By Hannah Stevens @Hannahshewans
Scroll down for the full story
Videographer / director: Equinac
Producer: Hannah Stevens, Nick Johnson
Editor: Sonia Estal
Jose the turtle was found on Torre García beach in Almería, Spain by locals walking on the beach. Luckily they contacted Equinac - a nearby non-profit organisation who specialise in helping sea turtles and cetaceans on the coast.
Equinac volunteer Juan Cruz D’Amico said: “Jose was hit by a motor boat and a family who were walking on the beach saw him and called us. They thought Jose was dead because he wasn’t moving, but he was still breathing.
“His shell was split in half by a boat’s motor and so was his head - he also lost an eye in the accident.”
Jose’s horrific injuries left him unable to move or swim on his own but the Equinac team were able to stabilise him for further treatment by attaching metal bars to his shell to help it reform, and stitching up his eye to relieve the pain.
After being cared for by Equinac for two months, the lucky turtle was flown from Alicante to Palma de Gran Canaria - where he was taken to Tarifa del Cabildo for further care under the watchful eye of veterinarian Pascual Calabuig.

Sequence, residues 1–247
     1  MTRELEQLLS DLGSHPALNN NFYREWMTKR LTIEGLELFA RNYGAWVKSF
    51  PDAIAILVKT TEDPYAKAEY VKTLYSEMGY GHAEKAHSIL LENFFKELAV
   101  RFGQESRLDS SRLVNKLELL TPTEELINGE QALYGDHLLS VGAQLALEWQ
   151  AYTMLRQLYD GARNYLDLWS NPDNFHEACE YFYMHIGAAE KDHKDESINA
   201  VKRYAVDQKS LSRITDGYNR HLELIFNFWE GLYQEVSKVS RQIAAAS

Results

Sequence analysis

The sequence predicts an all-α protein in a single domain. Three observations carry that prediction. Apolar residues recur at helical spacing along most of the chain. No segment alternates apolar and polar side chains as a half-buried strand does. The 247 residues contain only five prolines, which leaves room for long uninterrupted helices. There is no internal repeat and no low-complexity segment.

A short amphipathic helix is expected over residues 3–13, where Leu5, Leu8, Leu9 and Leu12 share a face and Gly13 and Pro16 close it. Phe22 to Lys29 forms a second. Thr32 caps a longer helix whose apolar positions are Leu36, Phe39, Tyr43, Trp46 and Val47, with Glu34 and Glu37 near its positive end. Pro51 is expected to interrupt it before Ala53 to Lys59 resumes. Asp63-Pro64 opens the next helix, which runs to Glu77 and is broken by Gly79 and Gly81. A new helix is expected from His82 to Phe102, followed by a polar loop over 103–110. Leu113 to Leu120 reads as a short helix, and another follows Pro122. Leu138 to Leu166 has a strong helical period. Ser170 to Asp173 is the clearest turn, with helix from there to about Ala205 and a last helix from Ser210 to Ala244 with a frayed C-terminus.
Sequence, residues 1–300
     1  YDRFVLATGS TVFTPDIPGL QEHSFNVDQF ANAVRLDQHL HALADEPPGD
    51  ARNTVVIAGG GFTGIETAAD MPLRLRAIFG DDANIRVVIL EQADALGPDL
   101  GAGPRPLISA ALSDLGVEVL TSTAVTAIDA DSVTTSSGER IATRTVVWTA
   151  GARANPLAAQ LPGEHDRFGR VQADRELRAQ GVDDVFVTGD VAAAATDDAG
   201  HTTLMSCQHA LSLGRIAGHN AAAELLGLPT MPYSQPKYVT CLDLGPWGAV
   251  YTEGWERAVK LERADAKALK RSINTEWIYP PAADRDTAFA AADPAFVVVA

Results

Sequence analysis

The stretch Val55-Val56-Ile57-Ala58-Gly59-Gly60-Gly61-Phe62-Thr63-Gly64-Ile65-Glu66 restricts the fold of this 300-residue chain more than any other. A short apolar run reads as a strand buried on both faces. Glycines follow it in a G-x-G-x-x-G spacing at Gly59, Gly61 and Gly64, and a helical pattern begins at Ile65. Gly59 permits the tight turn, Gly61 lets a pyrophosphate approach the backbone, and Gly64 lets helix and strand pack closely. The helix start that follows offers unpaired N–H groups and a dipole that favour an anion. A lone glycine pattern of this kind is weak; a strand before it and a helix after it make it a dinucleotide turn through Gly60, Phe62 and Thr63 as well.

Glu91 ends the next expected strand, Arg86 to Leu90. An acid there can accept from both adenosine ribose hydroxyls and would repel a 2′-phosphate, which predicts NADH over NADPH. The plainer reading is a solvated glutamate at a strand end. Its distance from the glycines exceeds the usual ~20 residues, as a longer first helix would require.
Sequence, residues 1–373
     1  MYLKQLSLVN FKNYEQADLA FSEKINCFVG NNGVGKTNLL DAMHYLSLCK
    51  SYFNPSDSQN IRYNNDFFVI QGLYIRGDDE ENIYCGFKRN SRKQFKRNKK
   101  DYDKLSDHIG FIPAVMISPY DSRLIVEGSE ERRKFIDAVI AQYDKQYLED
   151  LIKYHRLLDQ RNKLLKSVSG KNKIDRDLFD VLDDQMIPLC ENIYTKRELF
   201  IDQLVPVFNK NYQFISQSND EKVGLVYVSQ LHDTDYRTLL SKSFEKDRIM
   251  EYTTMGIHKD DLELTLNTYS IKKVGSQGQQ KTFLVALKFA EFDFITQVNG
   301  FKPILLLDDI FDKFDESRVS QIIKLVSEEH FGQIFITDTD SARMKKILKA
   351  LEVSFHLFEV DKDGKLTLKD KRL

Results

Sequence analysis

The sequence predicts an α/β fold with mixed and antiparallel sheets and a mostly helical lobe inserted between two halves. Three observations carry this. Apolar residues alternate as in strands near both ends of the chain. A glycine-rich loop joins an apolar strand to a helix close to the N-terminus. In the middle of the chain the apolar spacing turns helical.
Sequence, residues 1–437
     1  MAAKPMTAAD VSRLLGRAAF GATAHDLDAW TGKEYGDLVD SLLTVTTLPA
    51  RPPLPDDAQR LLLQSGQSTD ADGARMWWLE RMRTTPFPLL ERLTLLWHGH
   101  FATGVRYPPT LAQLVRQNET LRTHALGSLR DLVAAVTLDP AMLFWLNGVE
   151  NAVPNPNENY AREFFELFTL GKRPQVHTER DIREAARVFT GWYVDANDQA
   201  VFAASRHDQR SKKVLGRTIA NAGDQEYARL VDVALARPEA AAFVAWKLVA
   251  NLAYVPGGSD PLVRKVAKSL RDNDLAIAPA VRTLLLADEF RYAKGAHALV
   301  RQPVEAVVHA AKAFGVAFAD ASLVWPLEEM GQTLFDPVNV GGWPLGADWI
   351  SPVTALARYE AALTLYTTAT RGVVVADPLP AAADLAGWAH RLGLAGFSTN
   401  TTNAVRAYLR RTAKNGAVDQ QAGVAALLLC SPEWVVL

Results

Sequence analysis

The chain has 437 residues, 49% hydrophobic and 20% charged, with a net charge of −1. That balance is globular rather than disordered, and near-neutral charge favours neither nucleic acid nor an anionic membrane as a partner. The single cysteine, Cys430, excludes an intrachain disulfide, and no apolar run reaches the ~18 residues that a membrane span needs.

Juan said: “At the treatment centre they are focusing on treating his head. It’s very important the cicatrisation (healing through the formation of scar tissue) happens in that area. They are also helping to heal his shell using iron bars to help the scar tissue form quicker.
“When he was first picked up he was so weak with a big infection and necrosis in his wounds - both of them - and he didn’t have the energy or strength to move by himself. He started his recovery by doing very, very little steps each day.”
When he arrived at the second treatment centre Jose endured head surgery to fix his cranium and continues to have daily cleans to remove the dead skin from his wounds, which will help them heal faster.
D’Amico added: “In the Canary Islands he’s swimming in a big pool with sunlight and he’s eating well, but he’s still weak so he has to stay quiet in water for long periods of time, floating without moving.
“We want to release him one day but he has to get stronger and be able to defend himself in the wild. We think that may be in a year or two but all we can do is watch his progress right now.”